Art & Culture

Kabali is proof Rajinikanth is beyond human

Vinayak Chakravorty
Vinayak ChakravortyJul 23, 2016 | 10:53

Kabali is proof Rajinikanth is beyond human

They might as well have named it Rajini Day, when they declared July 22 a holiday because Thalaivar’s new film Kabali was opening. As an addon, locking the date permanently on the filmi calendar for a new Rajinikanth release every year wouldn’t perhaps be a bad idea.

Salman Khan has Eid, Shah Rukh Khan has Diwali, Aamir Khan has Christmas. Akshay Kumar has been eyeing to appropriate Republic Day for a while. Rajinikanth just snubbed the trend of gunning for big Fridays, and Twitter went ballistic with jokes toasting that fact over most of this past week.

The release of Kabali forced offices in Chennai and Bengaluru to declare a day’s holiday — Rajini fever was prompting staff to call in sick in any case. Delirious fans had sworn they would skip office and catch to catch a first-day, first-show.

Lesson underlined here would be best mouthed with the same sensational tone as a heroic dialogue from a Thalaivar hit: A real superstar doesn’t wait for a festive weekend to release his film; any weekend when his film opens becomes a festival.

Such amusing incidences perhaps happen only in India, particularly Tollywood. In an age of PR-managed brand power, though, the rage that Rajini has once again unleashed proves he is possibly the last old-school superstar standing.

We had our version of hysteria in Bollywood by way of Amitabh Bachchan. But while Big B has only grown in stature over the years, he has also chosen to restrict his screen avatar to less frenzied character appearances in crossover flicks such as Piku, Wazir and Te3n lately.

Rajini’s romance with all-out mainstream, however, continues. Never mind the brief slip of Lingaa in between, or the fact that Kabali is far from his best, his brand of excess glamour continues to thrive.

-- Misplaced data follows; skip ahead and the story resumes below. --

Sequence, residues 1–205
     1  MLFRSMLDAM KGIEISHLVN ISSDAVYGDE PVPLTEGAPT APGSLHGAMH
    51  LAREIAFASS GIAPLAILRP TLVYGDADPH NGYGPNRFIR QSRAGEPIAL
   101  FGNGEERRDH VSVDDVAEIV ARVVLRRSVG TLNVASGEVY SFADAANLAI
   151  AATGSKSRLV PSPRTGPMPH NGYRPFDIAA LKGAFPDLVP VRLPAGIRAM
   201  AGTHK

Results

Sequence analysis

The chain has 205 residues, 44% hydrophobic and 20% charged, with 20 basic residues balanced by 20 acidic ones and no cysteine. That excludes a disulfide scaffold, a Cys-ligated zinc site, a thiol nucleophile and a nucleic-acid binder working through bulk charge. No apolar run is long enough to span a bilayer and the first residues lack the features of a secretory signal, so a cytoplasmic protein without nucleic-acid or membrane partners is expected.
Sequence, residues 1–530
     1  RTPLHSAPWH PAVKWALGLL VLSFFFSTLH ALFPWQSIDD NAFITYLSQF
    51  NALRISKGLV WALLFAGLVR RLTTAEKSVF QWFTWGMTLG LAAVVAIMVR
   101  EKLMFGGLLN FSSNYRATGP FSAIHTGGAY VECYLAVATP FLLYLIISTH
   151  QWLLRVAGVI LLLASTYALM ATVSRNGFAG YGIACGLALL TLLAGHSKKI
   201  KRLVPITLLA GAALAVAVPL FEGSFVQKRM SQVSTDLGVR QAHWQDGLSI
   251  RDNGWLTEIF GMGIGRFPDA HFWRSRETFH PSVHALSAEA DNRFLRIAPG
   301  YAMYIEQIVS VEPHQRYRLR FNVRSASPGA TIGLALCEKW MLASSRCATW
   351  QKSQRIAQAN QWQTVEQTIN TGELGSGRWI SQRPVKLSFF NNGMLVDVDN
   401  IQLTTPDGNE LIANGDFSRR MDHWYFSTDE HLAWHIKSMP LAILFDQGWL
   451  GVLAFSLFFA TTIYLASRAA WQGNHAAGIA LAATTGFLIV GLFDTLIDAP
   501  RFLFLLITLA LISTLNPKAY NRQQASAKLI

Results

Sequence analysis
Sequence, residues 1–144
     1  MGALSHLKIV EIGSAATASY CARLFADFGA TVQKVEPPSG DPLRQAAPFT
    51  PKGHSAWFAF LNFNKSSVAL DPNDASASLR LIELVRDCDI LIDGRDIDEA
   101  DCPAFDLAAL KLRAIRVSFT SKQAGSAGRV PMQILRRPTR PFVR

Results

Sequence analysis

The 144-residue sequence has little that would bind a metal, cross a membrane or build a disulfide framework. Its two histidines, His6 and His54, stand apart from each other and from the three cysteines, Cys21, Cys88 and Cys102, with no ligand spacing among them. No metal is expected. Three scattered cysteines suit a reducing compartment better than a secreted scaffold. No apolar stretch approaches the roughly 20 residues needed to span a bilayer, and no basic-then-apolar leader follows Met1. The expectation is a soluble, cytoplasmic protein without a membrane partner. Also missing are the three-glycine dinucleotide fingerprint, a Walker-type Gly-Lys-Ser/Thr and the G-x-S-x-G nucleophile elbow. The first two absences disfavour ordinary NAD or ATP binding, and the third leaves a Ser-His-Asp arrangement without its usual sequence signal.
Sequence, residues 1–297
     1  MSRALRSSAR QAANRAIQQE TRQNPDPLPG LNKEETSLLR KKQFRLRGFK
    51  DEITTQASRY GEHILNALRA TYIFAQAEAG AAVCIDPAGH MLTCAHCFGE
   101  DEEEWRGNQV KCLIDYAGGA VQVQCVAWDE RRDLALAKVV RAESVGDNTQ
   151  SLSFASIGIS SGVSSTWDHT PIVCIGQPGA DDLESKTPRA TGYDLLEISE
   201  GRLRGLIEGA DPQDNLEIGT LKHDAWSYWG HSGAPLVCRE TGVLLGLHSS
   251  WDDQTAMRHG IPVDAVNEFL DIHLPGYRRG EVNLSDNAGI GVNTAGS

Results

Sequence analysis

The frenzy that Rajini’s new film brings in its wake has inadvertently created an embarrassing situation for Bollywood Sultan Salman Khan. Kabali, it has been stated earlier, was originally intended to open on the Eid weekend, which meant its release was clashing with Salman’s wrestling saga Sultan.

Since Sultan had muscled its way into an overwhelming number of multiplex screens, Kabali was far from getting its ideal screen count in the all-India market. Rajini quietly moved Kabali to a release date a fortnight later.

The film, though, threatens to bust every record that all of Bollywood including Sultan is likely to set this year. The fact became clear when advance bookings of Kabali opened on Wednesday. The film outstripped Sultan’s advance stats, recording sold-out ticket status till Sunday on day one itself. By Friday, when the film released across 4,000 screens worldwide, fans were happily paying hiked ticket prices worth of Rs 500-600 at the cineplexes.

With an estimated 30-crore intake needed for profits, Kabali has reportedly made Rs 40 crore before release, through promotional investments of various private companies. Trade experts predict the film could easily cross a Rs 500-crore gross globally.

These are box-office facts and figures every new-age superstar hankers after. At 65, and showing no signs of slowing down, Rajini doesn’t seem to have trouble garnering them.

Clearly, it is more than idol worship. Rajinikanth’s fans also know him as a human who knows the meaning of being humble.

Last updated: July 23, 2016 | 11:15
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